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Lt. Melvill: Well done, Sir! Did you see that Noggs? Deceived him with the up and took him with the down. Norris-Newman: Well well, this one's a grandfather at least. If he'd been a Zulu in his prime I'd have given odds against your lancer, Mr.Melvill.
 
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Lt. (Brevet Major) J.R.M. Chard, 5th Field Company, Royal Engineers--Rorke's Drift and Ulundi
(Mac and Shad) Isandula Collection)
Rededication Rorke's Drift Defender William Wilcox. 8th May 2011 Dolton Devon.
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 Binegar Villiage. Private Henry Martin, one of the defenders of Rorke's Drift

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littlehand

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PostSubject: Binegar Villiage. Private Henry Martin, one of the defenders of Rorke's Drift   Sat Apr 07, 2012 10:43 pm

"[i]Binegar is a small village on the Mendips, 600 to 700 feet above sea level. The name of the village is of Saxon origin and was first recorded in 1065 as Beazenhangra, the best translation of which is 'Slope where the beans grow'.

All that remains of the 14th century Holy Trinity church is the tower. The nave and chancel were rebuilt in the mid 19th century. There is a stone carving representing the Trinity on the tower which is reputed to be one of the best examples in the county.

Binegar school was opened in 1862 with 20 pupils of all ages. The first qualified head teacher was appointed in 1874 and served in the post for 41 years. In 1930 it became a Primary School and the buildings have been extended several times since it was first built. There are now about 55 children on the roll.

Most of the land surrounding the village is given over to dairy farming and several farmers are now rearing more sheep. Although quarrying was once quite extensive in the village, there is at present only one quarry operating, supplying stone for road-making and crushed stone for making cement.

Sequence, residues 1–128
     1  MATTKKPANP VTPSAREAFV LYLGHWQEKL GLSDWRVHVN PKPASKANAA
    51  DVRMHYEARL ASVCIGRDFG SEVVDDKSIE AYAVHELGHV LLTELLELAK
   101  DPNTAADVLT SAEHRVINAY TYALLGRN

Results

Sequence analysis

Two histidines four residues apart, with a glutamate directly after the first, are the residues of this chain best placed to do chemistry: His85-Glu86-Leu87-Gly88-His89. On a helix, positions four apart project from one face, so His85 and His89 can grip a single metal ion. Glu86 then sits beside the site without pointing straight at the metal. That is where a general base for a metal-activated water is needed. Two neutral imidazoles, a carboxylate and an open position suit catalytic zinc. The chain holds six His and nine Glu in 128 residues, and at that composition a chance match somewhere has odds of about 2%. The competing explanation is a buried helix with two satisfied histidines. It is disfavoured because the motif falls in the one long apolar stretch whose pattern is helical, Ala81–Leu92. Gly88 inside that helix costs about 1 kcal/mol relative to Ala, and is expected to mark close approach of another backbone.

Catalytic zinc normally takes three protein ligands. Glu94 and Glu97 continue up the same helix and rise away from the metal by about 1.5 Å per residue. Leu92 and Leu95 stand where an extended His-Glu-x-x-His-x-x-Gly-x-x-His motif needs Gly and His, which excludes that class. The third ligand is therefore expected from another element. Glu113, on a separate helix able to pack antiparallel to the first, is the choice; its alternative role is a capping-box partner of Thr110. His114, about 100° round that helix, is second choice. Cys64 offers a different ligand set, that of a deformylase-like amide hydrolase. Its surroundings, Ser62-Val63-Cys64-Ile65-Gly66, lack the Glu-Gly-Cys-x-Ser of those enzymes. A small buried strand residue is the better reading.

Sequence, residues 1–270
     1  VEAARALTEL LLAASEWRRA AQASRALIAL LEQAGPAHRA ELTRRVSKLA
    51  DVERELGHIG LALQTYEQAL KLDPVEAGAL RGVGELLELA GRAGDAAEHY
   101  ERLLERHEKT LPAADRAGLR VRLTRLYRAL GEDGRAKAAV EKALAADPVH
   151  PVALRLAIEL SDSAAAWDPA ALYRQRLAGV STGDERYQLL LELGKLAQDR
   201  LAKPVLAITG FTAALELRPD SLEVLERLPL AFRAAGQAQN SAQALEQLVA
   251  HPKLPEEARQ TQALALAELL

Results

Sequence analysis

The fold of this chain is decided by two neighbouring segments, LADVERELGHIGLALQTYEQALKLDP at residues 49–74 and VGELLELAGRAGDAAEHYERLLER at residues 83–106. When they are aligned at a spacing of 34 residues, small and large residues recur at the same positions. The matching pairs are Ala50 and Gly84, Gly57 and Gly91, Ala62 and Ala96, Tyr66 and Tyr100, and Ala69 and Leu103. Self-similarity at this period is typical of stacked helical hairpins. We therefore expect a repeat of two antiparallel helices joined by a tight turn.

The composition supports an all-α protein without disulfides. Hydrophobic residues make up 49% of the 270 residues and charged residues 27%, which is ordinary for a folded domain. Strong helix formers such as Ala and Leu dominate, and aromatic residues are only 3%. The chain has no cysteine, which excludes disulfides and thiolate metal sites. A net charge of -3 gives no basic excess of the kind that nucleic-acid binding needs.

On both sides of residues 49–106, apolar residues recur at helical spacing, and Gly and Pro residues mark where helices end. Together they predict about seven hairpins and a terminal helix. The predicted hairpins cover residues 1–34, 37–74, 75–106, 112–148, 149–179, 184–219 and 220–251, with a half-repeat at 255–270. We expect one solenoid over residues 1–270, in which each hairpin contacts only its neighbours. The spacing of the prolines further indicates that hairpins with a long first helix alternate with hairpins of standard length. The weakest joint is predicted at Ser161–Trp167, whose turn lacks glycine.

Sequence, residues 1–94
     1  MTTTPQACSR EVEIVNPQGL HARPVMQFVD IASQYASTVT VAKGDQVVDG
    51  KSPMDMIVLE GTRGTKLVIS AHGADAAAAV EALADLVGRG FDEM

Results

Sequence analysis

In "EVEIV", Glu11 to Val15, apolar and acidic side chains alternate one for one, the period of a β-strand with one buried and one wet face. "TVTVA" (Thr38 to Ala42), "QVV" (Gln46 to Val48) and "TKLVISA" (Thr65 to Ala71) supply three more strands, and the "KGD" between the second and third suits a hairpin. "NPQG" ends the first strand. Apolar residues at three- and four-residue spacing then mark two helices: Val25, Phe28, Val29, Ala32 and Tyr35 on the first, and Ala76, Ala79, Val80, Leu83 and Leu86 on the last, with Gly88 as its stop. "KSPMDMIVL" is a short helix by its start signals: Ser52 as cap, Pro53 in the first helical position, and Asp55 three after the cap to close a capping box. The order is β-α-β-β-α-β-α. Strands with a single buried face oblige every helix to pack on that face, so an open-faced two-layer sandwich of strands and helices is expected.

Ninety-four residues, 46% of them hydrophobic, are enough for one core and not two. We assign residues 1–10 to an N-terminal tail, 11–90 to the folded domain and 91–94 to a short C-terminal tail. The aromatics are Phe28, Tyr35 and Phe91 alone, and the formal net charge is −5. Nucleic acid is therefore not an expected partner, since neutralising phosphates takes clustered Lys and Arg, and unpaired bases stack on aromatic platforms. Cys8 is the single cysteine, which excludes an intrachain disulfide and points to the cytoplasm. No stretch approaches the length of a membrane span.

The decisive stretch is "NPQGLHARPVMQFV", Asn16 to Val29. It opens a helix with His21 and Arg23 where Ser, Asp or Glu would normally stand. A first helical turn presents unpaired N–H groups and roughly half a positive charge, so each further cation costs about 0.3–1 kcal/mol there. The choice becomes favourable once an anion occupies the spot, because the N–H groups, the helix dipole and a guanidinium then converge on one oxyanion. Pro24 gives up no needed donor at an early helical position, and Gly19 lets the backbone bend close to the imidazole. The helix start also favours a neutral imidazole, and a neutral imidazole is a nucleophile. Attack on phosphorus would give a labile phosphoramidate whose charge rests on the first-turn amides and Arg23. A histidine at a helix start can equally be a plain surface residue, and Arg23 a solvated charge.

Binegar was an important station on the Somerset and Dorset railway from Bath to Bournemouth. Products from the Oakhill Brewery and the local quarries and coal mines were carried from the station to many destinations. The line closed in 1966. All that remains is the station house and the yard which is used as a coal depot. Now the only public transport serving the village is the bus service from Bath to Wells.

For recreational and cultural activities in the village there is the Memorial Hall and the recently acquired well-equipped children's playing field.

Binegar Fair, held in the field adjacent to the church during Whit week until 1955 was a well known horse fair, possibly moved from Wells at the time of the Black Death. Horses were brought from far and wide to be sold here, and many tales were told of fighting and brawling among gypsies and others around the village.

Private Henry Martin, one of the defenders of Rorke's Drift during the Zulu war, lived in the village until his death in 1937. His grave can be seen in the churchyard.
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PostSubject: Re: Binegar Villiage. Private Henry Martin, one of the defenders of Rorke's Drift   Sat Mar 02, 2013 12:35 pm

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